Viscount Cave, J.
1. The appellant was convicted on the 28th May, 1919, by a Court of Commissioners sitting at Lahore under Ordinance I of 1919, and having the powers of a summary court-martial, of an offence under Section 124 A of the Indian Penal Code, i.e., of haying by written words excited or attemped to excite disaffection towards His Majesty or the Government established by law in British India, and was sentenced to two years' rigorous imprisonment-afterwards reduced to three months' simple imprisonment-and to a fine of Rs. 1,000. Special leave to appeal was granted by His Majesty in Council on the 18th August, 1919.
2. The facts are shortly as follows:-In March and April, 1919. there was unrest in the Punjab. Serious disturbances occurred at Delhi on the 30th March, when some persons were killed; and these disturbances were followed by disorder and violence at Amritsar and Lahore and elsewhere in the Punjab. The disturbances at Lahore occurred on the 6th, 10th, 11th and 12th April, the evidence showing that on the 11th April, Lahore city was 'practically closed to the police.' The appellant Boy was the editor of the ' Tribune', a daily newspaper published at Lahore, and on the 6th, 8fch, 9th, 10th and 11th April, he published in that newspaper paragraphs and articles comment on the deaths at Delhi (the persons killed there being repeatedly Core, described as 'martyrs') and charging the Government with grave misconduct in connection with the disturbances. It was stated in the issue of the 10th April that the 'atmosphere was highly surcharged' and the 'public mind in a state of unusual excitement.'
3. On the 6th May the appellant was charged, in consequence of these paragraphs and articles, with the offence above described, and also with an offence under Rule 25 of the Defence of India Rules; and on the 28th May judgment was delivered convicting him of the offence under Section 124A of the Indian Penal Code and pronouncing sentence as above. The charge under Rule 25 was not proceeded with.
4. The appellant in his case gave two reasons against his eonviction, viz., (1) that his trial by the summary procedure of martial law was bad in law and wholly unconstitutional; and (2) that on a reasonable construction of the articles complained of the appellant was not guilty of the offence of sedition as defined by Section 124A of the Indian Penal Code.
5. The facts and ordinances bearing on the first point raised by the appellant, viz., want of jurisdiction in the tribunal by which he was tried, were substantially the same as in the case of Bugga v. The King-Emperor (1920) L.R. 47 IndAp 138; Bom L.R. 609 decided by the Board in February last, the only distinction being that the order of the Lieutenant-Governor directing a trial before the Commissioners did not (as in that case) name the accused who we to be so tried, but applied to 'all persons charged with offen 68 connected with the recent disturbances.' Their Lordships have no do not that the offence with which the appellant was changed was connected with the disturbances referred to in the Order. and accordingly that this case is not distinguishable from the case cited. This contention, therefore, fails.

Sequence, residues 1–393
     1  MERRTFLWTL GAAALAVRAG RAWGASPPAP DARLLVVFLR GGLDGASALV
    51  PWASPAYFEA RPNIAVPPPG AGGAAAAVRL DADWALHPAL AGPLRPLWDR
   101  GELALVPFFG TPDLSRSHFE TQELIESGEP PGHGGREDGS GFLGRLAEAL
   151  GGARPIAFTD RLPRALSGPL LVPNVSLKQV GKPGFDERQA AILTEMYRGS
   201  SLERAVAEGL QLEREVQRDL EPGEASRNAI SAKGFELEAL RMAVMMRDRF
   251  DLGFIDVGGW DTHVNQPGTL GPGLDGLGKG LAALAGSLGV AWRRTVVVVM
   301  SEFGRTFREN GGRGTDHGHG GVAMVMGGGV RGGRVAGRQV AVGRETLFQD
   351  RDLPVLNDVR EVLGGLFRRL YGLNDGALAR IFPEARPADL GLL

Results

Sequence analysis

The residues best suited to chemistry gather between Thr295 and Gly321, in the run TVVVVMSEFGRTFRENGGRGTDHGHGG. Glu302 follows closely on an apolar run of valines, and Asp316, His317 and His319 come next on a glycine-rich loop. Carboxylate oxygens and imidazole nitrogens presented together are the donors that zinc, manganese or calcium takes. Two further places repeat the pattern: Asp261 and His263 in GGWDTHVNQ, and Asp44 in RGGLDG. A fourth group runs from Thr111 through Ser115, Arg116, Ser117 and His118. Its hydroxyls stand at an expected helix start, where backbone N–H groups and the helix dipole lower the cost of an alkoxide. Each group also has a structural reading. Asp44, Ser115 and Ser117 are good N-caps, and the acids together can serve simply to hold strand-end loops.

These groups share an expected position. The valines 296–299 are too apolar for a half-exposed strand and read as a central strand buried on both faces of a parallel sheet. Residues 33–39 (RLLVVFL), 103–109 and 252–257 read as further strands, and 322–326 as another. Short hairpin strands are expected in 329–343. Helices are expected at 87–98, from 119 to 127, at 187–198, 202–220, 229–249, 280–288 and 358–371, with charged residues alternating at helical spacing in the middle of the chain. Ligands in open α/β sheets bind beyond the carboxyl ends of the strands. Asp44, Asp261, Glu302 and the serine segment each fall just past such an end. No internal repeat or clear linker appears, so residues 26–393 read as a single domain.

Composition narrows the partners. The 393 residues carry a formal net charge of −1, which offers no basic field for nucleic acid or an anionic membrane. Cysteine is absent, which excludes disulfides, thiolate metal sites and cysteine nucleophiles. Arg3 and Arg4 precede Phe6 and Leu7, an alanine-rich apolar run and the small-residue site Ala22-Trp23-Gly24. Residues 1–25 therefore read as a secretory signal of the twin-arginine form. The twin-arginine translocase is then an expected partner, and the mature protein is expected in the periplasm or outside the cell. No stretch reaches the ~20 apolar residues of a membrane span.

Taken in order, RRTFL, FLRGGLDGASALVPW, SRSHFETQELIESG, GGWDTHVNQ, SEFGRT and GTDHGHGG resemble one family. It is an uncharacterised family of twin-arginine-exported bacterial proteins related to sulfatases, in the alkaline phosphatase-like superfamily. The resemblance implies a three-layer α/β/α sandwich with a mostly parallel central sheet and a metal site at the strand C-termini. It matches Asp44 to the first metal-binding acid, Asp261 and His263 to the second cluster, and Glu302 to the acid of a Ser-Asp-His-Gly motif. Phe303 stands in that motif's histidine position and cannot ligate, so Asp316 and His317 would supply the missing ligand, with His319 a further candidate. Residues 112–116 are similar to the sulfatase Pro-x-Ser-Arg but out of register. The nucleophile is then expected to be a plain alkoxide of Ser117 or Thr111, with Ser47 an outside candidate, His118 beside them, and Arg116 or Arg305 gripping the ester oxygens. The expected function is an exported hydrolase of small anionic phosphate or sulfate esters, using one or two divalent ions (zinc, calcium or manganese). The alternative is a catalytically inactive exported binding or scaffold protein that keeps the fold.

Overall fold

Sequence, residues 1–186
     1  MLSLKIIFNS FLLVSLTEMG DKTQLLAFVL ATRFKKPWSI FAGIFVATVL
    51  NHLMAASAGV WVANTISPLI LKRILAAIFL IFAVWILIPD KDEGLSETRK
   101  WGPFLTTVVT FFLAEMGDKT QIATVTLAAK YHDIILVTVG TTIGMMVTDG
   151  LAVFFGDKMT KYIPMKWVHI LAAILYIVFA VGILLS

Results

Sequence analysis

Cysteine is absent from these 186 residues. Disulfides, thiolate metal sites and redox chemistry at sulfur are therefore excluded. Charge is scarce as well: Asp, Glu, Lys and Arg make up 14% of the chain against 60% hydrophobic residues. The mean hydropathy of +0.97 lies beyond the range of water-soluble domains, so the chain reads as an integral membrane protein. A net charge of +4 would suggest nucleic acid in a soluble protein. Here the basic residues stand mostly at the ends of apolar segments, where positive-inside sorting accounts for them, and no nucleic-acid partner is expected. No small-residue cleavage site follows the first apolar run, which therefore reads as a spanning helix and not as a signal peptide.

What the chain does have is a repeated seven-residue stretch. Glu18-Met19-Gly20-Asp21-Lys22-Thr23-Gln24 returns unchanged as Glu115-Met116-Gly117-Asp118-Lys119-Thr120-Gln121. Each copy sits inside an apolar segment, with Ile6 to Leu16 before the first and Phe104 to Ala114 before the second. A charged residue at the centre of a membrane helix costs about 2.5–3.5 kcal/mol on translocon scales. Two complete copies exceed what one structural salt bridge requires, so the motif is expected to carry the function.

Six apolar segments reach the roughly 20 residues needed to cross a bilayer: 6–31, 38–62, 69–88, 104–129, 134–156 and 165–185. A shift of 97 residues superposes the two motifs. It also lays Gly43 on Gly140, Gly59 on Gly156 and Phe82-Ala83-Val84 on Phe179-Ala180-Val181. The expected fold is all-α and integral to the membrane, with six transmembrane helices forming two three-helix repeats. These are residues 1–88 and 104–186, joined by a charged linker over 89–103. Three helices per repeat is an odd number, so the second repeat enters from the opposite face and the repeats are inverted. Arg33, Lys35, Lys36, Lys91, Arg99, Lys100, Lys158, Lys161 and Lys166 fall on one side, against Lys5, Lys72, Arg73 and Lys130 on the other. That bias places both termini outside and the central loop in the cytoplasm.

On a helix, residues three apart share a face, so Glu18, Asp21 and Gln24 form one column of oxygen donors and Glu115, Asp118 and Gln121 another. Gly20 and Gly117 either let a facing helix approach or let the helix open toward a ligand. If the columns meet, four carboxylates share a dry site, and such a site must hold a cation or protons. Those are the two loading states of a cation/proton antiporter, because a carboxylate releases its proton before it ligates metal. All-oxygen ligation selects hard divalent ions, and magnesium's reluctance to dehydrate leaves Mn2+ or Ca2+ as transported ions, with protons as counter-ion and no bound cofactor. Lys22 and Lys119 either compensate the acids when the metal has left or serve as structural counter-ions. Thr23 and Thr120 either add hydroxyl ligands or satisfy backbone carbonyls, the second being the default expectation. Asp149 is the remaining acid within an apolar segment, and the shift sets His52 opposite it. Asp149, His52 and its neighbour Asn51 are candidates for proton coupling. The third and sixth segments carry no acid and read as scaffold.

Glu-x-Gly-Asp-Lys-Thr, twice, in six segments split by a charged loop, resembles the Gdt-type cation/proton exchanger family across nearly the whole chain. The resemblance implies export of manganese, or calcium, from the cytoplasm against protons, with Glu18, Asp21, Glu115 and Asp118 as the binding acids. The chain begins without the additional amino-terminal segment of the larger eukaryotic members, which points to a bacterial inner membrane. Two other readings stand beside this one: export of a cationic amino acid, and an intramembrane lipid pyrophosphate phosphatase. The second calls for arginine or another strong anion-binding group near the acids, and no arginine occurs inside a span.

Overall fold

6. With reference to the second point raised on' behalf of the appellant, viz., that on a reasonable construction of the articles complained of, the appellant was not guilty of the offence with which he was charged, their Lordships have carefully considered the judgment delivered by the President of the Commission, with a view to ascertaining whether the Commission properly construed the section and gave proper weight to its terms and to the explanations annexed to it. The judgment was a very careful one and their Lordships do not find that the section was in any way misconstrued or misunderstood. This being so, there remains only the question whether the principles of the law ~~ were properly applied in detail to the language of the various articles; and this question, as was pointed out in Besant v. Advocate-General of Madras(1919) I.A. 176; is one which partakes so much of the nature of a question of fact that it would be difficult for the Board to interfere on this ground with the conclusion arrived at by a Court in India. The decision of such a Court must necessarily depend, not only on the construction of the written matter complained of, but also on the local conditions obtaining at the time of publication and a just appreciation of the effect which the publication under those conditions of the articles in question would be calculated to produce; and the Board could not revise the conclusions of the local tribunal on facts of this nature without putting themselves into a position which they have repeatedly declined to assume, namely, that of a Court of Appeal in criminal proceedings. In (' these circumstances, their Lordships, while not thinking it necessary to express any opinion of their own as to the intention of the articles in question, are not prepared to advise His Majesty to interfere with the conclusions arrived at by the Commission.
7. It should be added that in the course of the argument their Lordships were informed by counsel for the Crown that since leave to appeal was given a free pardon had been granted to the appellant. If so, this of itself would be a sufficient reason as pointed out in Levien v. Reg (1867) L.R.I. 536 for not entertaining the appeal but as the pardon was disputed and direct evidence of its having been granted was not forthcoming, their Lordships did not stop the case on this ground.
8. For the above reasons their Lordships will humbly advise His Majesty that this appeal should be dismissed.